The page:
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Lookup NU author(s): Professor Tim Townshend
This work is licensed under a Creative Commons Attribution 4.0 International License (CC BY 4.0).
Built environment restructuring can improve public health through increased opportunity for healthy behaviors. Behavioral science targets individual health behaviors within place, suggesting the potential to integrate these approaches. This scoping review was one of the first to summarise the impact built environment restructuring has on health outcomes and behaviors and integrate these findings with the Capability-Opportunity-Motivation-Behavior model and Theoretical Domains Framework of behavior change. Potential studies were identified from 12 academic databases in urban design, psychology, and public health. Search parameters involved 50 environment types, for example green space or healthy cities, combined with both an intervention (e.g. green infrastructure, active transport) and a measurable health outcome (e.g. exercise, wellbeing). Searches were limited to North America, Europe, or Australia/New Zealand. Of 536 potential studies reviewed against defined inclusion/exclusion criteria, 23 contributed to the findings. Evidence supported the positive influence of restructuring on varied health outcomes, many of which were drivers and domains of health behavior. Most studies indicated a clear contribution to increased physical activity. Recommendations include the need for explicit communication of theories guiding restructuring project design, consideration of health outcomes beyond physical activity, and better investigation of unanticipated barriers to health behaviors arising from built environment restructuring projects.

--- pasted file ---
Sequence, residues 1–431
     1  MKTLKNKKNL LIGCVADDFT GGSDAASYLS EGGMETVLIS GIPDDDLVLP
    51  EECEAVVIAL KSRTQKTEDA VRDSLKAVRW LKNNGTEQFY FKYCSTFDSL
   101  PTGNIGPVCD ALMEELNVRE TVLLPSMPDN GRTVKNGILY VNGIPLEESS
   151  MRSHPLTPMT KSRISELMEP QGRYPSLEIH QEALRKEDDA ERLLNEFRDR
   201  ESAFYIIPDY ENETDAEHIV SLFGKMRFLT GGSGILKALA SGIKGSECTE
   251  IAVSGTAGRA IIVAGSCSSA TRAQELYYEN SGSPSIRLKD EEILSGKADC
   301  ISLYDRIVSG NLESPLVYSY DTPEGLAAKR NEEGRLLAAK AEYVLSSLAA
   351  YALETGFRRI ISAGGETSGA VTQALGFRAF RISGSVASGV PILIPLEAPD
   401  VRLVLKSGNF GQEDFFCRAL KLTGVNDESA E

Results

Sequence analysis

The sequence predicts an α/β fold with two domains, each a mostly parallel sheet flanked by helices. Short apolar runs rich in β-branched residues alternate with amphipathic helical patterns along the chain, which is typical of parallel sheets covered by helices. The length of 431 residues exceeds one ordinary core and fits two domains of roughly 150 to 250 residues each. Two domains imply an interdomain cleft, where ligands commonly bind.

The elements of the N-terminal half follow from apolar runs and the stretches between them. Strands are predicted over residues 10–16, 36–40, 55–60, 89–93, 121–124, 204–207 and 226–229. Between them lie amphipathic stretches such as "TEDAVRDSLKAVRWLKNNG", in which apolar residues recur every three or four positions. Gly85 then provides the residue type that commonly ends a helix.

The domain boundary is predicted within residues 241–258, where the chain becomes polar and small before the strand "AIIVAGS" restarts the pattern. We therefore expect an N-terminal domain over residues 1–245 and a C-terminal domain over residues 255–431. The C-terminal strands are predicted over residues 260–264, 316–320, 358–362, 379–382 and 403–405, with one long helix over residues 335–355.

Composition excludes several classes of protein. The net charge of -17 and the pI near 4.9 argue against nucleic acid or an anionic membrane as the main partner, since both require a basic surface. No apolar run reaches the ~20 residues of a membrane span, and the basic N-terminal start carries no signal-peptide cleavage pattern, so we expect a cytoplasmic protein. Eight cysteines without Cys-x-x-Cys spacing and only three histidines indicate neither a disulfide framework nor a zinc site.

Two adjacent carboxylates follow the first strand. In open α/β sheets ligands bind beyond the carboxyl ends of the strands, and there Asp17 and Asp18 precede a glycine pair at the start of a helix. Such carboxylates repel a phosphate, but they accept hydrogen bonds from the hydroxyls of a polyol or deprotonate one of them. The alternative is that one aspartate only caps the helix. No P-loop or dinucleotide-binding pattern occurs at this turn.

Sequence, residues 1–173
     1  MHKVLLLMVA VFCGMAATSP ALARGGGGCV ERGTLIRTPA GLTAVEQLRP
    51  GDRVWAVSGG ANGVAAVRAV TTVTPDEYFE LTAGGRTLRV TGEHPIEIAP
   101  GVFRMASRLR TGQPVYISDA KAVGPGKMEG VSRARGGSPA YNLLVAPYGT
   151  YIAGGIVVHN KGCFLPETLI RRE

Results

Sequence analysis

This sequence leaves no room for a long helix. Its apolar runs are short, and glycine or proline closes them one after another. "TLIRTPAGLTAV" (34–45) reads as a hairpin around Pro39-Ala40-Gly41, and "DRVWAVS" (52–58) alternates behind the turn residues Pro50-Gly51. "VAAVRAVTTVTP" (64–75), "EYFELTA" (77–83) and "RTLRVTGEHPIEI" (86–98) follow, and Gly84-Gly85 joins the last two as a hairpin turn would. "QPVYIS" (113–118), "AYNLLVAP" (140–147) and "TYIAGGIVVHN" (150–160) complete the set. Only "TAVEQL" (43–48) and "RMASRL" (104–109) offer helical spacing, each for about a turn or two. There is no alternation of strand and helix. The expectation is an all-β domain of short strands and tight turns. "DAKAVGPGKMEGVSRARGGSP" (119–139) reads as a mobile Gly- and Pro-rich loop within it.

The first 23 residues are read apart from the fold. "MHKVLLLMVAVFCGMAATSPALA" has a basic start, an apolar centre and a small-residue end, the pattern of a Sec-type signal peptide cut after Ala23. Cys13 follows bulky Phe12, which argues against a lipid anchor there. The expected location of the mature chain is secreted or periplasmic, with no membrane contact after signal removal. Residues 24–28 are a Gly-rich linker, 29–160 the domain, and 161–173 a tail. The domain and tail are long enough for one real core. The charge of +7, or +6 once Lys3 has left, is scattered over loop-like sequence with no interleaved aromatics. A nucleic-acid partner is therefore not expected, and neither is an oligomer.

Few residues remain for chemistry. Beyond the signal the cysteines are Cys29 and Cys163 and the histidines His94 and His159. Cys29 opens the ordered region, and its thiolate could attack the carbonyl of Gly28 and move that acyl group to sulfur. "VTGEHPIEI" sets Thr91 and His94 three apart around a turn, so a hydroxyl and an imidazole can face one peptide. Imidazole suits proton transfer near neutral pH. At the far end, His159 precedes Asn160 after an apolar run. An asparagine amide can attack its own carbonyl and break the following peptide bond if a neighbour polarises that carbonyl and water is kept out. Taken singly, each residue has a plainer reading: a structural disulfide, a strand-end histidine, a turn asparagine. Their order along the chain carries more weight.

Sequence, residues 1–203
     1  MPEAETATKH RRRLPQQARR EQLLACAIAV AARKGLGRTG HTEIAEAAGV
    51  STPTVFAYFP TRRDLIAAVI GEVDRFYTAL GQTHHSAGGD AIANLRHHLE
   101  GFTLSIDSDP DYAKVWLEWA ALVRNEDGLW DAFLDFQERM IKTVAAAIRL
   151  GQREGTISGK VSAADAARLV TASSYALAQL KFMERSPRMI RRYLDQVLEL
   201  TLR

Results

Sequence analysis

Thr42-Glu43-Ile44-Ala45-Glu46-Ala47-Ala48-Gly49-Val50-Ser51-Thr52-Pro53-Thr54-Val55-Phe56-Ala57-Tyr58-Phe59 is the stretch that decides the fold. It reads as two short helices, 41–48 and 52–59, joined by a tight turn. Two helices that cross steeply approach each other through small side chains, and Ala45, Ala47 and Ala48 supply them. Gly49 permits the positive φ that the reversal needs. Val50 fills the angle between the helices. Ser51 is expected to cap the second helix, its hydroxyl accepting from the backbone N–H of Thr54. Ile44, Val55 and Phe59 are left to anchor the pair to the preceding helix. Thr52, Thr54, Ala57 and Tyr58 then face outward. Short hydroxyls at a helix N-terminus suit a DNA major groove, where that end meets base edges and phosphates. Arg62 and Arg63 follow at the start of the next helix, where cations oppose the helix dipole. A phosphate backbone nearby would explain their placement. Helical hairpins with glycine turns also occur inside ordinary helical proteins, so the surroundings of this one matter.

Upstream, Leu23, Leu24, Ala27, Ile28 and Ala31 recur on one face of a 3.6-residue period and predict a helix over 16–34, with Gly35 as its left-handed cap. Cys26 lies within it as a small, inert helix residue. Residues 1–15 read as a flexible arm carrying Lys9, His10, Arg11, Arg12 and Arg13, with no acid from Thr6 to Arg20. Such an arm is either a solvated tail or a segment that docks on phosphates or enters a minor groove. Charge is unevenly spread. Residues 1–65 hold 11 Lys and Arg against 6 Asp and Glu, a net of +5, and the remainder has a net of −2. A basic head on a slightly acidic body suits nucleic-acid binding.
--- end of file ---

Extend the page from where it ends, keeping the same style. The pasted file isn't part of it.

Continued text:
Author(s): Wilkie S, Townshend T, Thompson E, Ling J
Publication type: Article
Publication status: Published
Journal: Cities and Health
Online publication date: 20/02/2019
Acceptance date: 16/01/2019
Date deposited: 17/01/2019
ISSN (print): 2374-8834
Publisher: Taylor & Francis
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